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The short back and the depth of the flanks are the characteristics of the Manx.

She is of medium size with a fairly large and round head which gives a chubby appearance.
The medium long nose has no break and ends straight or downwards.
Medium sized, fairly high set ears are open at the base and tapering slightly to a point.
Large and round eyes which colour correspond to the colours in British shorthairs.
The body is solid and compact, the breast is broad, the back compact and short but in balance to the body, ending in a definite broad and round rump. The flanks shows great depth and the legs are well muscled. The front legs are short and set well apart to show off a broad breast. The hind legs are higher than the front legs forming an angle from the back to the front of the body.
The paws are round.
The coat is short and double, the undercoat is soft and thick to make a well-padded appearance.
All colour varieties and patterns are permitted including all colour varieties with white.

Recently the longhaired variety of the Manx was recognized.
This breed is called Cymric (pronounced KIM-rick or KUM-rick). This breed has the same standard as the Manx with the only difference of the medium hair length.
The breed name comes from Cymru (pronounced KUM-ree), the indigenous Welsh name of Wales.



The tail respective the taillessness is the distinguishing characteristic of the breed.
The different varieties are
There is an absolute absence of the tail with a definite hollow at the end of the spine
Rumpy riser
There is a rise of bone (sacral bone, no caudal bone) which should not spoil the tailless appearance of the cat
Has a definite short sometimes irregular formed stubby tail no longer than 3cm, which however may not be bent or kinked
Manx cats with normal or slightly shorter tail which are used for breeding
Docked tail
In some countries breeders dock the tails of Manx (mainly Longies) to gain the appearance of a Stumpy.
The docking of body parts is prohibited by the Austrian legislation (animal protection constitution law).
As it is possible to buy and import already docked cats from foreign countries or dock the own cats in a foreign country, KKÖ prohibit to breed with and to show docked cats.
Due to this decision it is not possible to inhibit the clear and very appreciated docking ban in the Austrian animal protection law.


There are various legends that seek to explain why the Manx has no tail. In one of them, dogs bit off their tails as they want to leave the ark of Noah or a similar tells that Noah closed the door of the ark when it began to rain and accidentally cut off the Manx's tail, who'd been playing and almost got left behind. Another legend claims that the Manx is the offspring of a cat and a rabbit which is why it has no tail and rather long hind legs. In addition, they move with more of a hop than a stride, like a rabbit.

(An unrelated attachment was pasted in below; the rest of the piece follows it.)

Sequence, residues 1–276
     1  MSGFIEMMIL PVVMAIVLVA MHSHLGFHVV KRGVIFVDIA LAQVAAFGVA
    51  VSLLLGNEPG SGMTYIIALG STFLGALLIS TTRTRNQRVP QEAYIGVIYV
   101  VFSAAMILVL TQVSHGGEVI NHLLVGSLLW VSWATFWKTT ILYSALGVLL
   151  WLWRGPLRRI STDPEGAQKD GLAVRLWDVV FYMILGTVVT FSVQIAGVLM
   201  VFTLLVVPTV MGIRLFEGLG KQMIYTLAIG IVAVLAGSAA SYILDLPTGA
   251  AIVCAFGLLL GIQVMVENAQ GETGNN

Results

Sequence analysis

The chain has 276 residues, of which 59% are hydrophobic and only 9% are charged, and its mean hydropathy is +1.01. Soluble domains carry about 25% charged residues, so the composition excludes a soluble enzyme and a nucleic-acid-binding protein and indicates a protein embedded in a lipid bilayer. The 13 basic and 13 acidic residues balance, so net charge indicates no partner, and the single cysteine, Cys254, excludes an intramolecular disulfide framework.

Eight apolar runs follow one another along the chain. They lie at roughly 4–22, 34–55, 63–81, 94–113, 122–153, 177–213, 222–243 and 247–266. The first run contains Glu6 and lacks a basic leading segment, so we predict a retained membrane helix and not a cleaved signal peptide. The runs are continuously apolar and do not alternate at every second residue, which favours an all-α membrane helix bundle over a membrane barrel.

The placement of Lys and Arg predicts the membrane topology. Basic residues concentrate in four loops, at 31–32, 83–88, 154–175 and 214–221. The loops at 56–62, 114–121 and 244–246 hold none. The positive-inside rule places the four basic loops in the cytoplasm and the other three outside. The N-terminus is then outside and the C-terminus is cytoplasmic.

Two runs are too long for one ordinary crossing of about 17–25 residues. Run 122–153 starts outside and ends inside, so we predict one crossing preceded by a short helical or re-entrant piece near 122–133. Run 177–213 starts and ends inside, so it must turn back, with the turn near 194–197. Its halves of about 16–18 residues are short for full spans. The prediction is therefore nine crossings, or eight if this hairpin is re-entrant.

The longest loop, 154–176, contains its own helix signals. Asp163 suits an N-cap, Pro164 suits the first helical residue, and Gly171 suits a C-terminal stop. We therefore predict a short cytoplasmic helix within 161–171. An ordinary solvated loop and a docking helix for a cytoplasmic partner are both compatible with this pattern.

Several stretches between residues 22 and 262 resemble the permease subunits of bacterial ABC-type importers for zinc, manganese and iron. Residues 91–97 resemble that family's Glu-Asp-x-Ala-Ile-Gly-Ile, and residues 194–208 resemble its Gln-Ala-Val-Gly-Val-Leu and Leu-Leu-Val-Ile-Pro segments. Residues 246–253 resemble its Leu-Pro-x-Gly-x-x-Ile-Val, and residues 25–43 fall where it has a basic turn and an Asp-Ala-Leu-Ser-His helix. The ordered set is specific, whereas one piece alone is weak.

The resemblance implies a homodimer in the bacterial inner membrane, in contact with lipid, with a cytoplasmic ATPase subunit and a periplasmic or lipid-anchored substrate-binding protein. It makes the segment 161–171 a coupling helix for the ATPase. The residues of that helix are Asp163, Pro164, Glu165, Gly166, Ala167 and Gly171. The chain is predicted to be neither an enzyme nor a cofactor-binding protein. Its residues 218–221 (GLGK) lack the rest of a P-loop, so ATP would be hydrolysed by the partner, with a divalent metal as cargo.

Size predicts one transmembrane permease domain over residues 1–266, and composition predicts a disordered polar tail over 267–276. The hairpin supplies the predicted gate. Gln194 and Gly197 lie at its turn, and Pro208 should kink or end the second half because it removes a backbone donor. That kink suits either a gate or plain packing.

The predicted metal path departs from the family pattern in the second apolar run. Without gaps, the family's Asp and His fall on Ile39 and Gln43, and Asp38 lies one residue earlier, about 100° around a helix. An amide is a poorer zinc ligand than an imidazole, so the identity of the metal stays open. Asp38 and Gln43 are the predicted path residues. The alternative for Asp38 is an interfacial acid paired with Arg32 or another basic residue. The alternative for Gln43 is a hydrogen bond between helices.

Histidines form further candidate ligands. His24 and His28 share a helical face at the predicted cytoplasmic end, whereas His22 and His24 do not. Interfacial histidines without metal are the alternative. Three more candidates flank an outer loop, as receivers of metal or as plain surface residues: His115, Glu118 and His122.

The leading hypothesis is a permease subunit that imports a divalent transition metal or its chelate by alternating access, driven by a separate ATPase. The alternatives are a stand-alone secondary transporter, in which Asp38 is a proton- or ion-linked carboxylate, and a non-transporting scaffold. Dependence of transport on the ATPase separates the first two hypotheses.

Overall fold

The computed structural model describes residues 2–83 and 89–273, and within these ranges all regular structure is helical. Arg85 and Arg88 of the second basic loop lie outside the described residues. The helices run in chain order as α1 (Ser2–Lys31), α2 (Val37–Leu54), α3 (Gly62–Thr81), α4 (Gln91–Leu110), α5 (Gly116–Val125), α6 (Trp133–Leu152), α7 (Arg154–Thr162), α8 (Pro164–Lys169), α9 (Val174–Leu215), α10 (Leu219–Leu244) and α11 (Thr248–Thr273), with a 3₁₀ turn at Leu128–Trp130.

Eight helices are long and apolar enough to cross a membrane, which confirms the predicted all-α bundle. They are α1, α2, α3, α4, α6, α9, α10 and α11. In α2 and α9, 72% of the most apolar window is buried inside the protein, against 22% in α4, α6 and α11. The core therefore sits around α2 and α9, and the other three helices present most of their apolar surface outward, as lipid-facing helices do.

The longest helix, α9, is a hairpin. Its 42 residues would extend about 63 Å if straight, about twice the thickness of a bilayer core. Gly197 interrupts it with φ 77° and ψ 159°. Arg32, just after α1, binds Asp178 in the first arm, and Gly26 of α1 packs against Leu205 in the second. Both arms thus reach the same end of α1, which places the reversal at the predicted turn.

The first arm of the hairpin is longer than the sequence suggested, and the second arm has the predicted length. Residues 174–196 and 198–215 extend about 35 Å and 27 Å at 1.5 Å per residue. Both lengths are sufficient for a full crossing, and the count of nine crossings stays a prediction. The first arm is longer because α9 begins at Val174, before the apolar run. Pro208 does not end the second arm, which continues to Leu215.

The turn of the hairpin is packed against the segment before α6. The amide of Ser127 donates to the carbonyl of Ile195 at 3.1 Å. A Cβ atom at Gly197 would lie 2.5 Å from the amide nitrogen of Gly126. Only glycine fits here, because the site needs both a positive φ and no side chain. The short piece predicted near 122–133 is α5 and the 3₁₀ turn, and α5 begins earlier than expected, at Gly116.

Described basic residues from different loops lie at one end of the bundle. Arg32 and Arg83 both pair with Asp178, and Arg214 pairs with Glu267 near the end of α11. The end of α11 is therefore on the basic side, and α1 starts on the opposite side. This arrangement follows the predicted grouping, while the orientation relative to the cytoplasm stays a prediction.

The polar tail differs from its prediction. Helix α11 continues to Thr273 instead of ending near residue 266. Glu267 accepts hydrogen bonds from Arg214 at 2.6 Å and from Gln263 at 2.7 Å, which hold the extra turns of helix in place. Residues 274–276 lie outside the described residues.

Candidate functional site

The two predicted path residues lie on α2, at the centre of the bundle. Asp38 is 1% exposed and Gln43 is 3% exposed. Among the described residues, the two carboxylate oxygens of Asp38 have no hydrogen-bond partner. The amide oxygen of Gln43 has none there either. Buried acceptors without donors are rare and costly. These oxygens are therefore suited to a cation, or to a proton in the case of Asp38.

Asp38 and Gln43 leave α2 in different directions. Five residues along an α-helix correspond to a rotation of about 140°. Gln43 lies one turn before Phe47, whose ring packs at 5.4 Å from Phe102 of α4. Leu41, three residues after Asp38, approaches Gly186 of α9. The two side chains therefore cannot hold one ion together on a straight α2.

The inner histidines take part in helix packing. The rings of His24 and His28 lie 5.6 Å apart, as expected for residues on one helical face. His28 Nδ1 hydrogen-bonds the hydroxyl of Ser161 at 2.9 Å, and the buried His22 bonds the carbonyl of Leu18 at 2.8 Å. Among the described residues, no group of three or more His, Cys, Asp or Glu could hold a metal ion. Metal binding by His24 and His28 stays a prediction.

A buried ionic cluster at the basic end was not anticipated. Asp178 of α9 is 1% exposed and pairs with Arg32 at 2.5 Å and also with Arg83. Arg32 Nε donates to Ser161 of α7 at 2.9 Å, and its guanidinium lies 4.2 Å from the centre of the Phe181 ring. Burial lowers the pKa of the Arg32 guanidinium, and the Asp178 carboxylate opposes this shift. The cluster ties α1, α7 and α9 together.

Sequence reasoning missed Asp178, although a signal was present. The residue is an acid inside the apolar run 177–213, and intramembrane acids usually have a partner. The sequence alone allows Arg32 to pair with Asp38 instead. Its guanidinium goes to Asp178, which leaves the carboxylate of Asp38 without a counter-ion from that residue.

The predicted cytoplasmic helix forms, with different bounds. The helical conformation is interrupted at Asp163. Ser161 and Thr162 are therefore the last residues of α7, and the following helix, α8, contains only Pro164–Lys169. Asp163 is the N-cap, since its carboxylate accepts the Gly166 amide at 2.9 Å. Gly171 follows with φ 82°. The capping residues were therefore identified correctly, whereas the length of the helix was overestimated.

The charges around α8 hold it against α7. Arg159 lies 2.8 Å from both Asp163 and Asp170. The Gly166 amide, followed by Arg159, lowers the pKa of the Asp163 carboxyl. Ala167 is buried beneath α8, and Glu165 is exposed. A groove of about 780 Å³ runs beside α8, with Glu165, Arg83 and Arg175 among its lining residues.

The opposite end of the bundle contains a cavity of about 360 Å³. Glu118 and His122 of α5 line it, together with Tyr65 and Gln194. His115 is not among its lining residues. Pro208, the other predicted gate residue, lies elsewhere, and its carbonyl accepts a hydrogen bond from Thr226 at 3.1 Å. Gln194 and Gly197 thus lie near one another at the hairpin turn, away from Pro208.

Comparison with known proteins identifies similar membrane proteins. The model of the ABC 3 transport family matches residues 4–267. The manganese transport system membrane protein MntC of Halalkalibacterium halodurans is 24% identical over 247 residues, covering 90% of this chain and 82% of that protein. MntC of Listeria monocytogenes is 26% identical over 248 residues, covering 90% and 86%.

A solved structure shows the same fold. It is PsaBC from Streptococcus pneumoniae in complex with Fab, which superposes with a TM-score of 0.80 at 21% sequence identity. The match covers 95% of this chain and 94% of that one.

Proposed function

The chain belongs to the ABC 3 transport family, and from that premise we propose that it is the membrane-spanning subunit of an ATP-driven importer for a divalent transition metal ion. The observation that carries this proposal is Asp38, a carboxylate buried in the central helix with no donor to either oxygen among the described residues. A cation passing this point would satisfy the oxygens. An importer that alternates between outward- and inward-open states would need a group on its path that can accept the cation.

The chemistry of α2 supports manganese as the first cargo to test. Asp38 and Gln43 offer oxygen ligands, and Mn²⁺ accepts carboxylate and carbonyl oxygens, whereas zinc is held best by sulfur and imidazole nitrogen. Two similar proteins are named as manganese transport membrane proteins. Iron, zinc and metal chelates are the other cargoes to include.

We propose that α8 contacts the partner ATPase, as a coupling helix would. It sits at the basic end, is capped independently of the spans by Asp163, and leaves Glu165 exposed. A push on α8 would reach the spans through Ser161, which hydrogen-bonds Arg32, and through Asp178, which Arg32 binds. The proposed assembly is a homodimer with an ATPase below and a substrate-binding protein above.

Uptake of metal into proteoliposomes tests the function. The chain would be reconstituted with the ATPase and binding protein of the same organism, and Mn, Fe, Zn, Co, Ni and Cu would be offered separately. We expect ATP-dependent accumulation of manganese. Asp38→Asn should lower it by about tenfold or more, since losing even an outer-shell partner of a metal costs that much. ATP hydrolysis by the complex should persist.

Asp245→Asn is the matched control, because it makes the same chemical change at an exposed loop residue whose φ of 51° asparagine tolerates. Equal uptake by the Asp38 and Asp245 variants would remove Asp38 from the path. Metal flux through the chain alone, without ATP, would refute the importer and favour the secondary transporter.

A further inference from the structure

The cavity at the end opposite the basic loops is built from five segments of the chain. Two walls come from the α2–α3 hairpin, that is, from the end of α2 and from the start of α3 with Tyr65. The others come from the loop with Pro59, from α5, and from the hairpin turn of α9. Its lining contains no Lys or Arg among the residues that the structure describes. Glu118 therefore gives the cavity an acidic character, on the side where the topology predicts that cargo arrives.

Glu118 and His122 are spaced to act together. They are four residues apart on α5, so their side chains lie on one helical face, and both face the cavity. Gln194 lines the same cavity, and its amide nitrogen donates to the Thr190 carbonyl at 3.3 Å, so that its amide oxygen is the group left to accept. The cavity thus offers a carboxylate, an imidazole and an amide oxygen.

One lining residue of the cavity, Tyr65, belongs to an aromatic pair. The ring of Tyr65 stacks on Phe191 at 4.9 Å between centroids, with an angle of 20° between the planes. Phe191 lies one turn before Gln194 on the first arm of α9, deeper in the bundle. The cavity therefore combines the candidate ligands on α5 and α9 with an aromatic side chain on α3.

Other sources report that they come with Phoenician merchants from Japan or descended from ship cat's who where shipwrecked on the Isle of Man as there Spanish frigates where sunk off the coast.
Recent postcards on the Isle of Man depict a cartoon scene of a cat's tail be run over and removed by a motorbike, as motorbike racing is popular on the Island.
All these explanations are in the area of legends and myths; the explanation in the 'breeding'-section seems to be the realistic one.





The taillessness of the Manx originates from a already 300 years known inherited genetic mutation, which developed due to selection and isolation on a island with the addition of a high inbreeding.
The Manx carries the mutated 'M' gene which is always heterozygote, that is indicated by the gene combination 'Mn'.
The cats inherit autosomal incomplete dominant with variable expression.
Having two copies of the gene ('MM') is lethal and kittens are usually spontaneously aborted before birth.
Therefore a mating between two Manx is not allowed and it is necessary to use either 'Longies' or make an outcross with British shorthair.



Manx are quiet and intelligent cats. They are lovely animals, which are adopt easy with other cats and dogs and the breed loves humans as adults as well as kids. They show often a tighter relation to a dedicated family member. They also fetch small objects that are thrown.
The taillessness and the body structure leads to a Manx typical hop movement, which is known from the movement of rabbits. A common distributed opinion states, that Manx can hardly balance their body due to the lack of the tail in comparisation with normal tailed cats. Experience from breeders and owners often reports the opposite and describe them as excellent climbers and skilled hunters, known to take larger prey even when they are young.



Manx cats have a short dense coat. Grooming is rather easy and they do not need to be bathed or excessively combed and brushed. Grooming is rather easy, from time to time one should lightly brush them so that the old and dead hairs get out from the coat.



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